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The Queen's China Comments Label Chinese Officials 'Very Rude'

Just hours after Cameron's blunder.

11/05/2016 07:25 | Updated 11 May 2016

The Queen has been caught on camera describing Chinese officials as "very rude" while in conversation with a senior police officer at an event celebrating her 90th birthday. 

The monarch began her conversation with Commander Lucy D'Orsi by quipping "oh, bad luck" when a palace official described how the officer had been assigned as Gold Commander for the state visit of Chinese premier Xi Jinping in October.

During the discussion recorded by a BBC cameraman, the official was heard telling the Queen the police had been "seriously undermined by the Chinese" in their handling of the visit, but the officer had managed to "hold her own".

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The Queen talking to David Cameron earlier in the day

As Ms D'Orsi asked if she knew it had been a "testing time", the Queen interjected: "I did."

The officer described how Chinese officials walked out of a meeting with Barbara Woodward, British ambassador to China, at Lancaster House, telling them the trip was off.

The Queen said: "They were very rude to the ambassador."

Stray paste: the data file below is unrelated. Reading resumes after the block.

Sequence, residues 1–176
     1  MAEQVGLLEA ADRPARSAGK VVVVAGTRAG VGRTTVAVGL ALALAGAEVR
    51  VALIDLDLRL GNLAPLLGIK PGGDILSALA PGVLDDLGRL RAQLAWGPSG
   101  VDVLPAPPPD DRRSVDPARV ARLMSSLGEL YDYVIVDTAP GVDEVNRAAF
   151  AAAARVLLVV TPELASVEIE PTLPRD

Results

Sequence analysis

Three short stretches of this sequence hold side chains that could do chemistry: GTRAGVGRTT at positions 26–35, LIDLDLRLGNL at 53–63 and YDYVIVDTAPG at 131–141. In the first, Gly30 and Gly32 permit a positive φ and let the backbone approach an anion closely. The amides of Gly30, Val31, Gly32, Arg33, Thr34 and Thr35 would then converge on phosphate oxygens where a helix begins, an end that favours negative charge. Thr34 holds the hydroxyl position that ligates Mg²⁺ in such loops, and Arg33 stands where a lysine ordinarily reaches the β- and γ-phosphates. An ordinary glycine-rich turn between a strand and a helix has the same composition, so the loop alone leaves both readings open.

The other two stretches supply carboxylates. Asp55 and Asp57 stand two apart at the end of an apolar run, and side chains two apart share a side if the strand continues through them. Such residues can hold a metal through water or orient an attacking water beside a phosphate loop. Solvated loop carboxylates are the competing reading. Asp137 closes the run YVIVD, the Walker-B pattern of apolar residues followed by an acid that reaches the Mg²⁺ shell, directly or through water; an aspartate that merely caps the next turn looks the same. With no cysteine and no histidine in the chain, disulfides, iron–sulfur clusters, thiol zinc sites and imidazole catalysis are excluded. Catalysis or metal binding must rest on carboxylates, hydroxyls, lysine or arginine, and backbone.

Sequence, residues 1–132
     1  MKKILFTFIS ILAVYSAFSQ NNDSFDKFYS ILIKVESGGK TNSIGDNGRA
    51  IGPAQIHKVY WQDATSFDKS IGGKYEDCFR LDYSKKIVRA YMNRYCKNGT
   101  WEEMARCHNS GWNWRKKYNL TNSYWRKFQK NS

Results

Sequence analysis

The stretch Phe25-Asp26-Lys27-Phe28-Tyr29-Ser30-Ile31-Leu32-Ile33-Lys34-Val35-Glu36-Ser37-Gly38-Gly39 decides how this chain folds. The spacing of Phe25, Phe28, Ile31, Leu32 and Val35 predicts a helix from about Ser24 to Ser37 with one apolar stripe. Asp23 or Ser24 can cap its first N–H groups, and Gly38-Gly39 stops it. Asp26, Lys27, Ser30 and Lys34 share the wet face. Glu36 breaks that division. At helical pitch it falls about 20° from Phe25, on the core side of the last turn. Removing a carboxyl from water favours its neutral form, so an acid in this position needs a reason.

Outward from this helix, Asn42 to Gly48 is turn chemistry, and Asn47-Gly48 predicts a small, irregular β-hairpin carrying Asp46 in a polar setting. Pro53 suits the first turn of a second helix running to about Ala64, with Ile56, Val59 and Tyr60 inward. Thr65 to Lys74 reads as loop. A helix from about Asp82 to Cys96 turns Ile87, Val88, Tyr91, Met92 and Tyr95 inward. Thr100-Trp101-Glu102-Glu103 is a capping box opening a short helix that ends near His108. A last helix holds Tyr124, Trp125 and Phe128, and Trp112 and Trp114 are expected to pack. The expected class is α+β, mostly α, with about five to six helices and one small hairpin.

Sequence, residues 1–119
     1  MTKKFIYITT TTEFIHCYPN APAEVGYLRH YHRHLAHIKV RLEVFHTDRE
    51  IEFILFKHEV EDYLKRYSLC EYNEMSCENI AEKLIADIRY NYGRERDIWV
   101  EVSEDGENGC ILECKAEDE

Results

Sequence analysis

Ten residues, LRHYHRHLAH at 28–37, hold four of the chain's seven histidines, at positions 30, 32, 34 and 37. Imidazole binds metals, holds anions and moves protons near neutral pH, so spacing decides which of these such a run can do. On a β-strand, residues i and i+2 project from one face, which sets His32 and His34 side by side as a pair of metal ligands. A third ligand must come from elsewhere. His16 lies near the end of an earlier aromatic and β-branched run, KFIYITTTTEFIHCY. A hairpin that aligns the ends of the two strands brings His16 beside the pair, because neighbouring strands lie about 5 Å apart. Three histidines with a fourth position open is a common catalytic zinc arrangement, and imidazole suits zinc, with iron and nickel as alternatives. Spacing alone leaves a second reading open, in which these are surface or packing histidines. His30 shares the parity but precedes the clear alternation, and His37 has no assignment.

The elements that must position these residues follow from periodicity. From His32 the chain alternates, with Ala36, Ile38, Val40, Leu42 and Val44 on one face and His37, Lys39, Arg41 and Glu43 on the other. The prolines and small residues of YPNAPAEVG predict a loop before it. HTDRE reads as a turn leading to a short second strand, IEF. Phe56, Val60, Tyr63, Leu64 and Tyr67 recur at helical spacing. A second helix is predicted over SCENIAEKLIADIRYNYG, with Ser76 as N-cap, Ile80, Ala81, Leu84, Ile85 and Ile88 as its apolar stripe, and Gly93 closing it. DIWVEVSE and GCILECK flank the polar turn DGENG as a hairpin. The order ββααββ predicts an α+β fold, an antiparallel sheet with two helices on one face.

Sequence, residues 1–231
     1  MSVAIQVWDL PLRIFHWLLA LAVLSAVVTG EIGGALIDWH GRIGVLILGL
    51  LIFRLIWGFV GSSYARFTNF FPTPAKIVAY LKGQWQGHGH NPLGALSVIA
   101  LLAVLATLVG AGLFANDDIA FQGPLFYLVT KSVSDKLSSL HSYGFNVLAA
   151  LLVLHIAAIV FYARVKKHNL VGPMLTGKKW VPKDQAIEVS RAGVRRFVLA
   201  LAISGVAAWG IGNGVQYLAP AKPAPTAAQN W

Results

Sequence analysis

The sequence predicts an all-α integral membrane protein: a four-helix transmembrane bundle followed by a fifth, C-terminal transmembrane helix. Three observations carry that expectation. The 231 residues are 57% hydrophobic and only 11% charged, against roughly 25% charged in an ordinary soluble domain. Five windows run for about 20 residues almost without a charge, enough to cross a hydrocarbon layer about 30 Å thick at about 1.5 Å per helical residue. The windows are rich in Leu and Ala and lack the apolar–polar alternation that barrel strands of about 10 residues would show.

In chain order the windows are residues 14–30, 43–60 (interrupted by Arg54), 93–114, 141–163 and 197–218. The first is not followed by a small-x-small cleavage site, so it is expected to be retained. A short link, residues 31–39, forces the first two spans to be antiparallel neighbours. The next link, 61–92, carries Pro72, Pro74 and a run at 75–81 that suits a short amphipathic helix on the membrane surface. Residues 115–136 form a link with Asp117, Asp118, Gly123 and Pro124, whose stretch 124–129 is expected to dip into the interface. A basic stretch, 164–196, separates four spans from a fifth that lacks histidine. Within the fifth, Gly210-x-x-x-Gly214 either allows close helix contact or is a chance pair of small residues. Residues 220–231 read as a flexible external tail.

The remarks were recorded as the Queen greeted guests in the gardens of Buckingham Palace for an event marking her 90th birthday, reports the Press Association. 

In China, BBC World coverage of the remarks was censored.

The Metropolitan Police said it would not comment on the private conversation.

Speaking on BBC Radio 4's Today Programme, Kerry Brown, a former First Secretary at the British Embassy in Beijing, said that the comments showed the "tension and effort" which lay beneath the surface of the event.

He said: "It shows that these meetings when they look so good there is underneath obviously a huge amount of tension and effort."

However, Brown did not believe that the incident was a major issue and said: "This is nothing more than a bit of entertaining sideshow."

Former Liberal Democrat leader Menzies Campbell echoed his views.

He said that there would be "irritation" both at the Palace and in government.

He added: "I don’t think there will be any lasting damage but it’s an irritation and it’s an irritation people could do without."

It isn't the first time a Royal has upset the Chinese. In 1986 Prince Philip said to British students in China: "If you stay here much longer, you'll all be slitty-eyed."

Earlier on Tuesday David Cameron was caught on camera making the unflattering comment about Afghanistan and Nigeria during a conversation with the Queen ahead of an anti-corruption summit, which he is hosting in London on Thursday.

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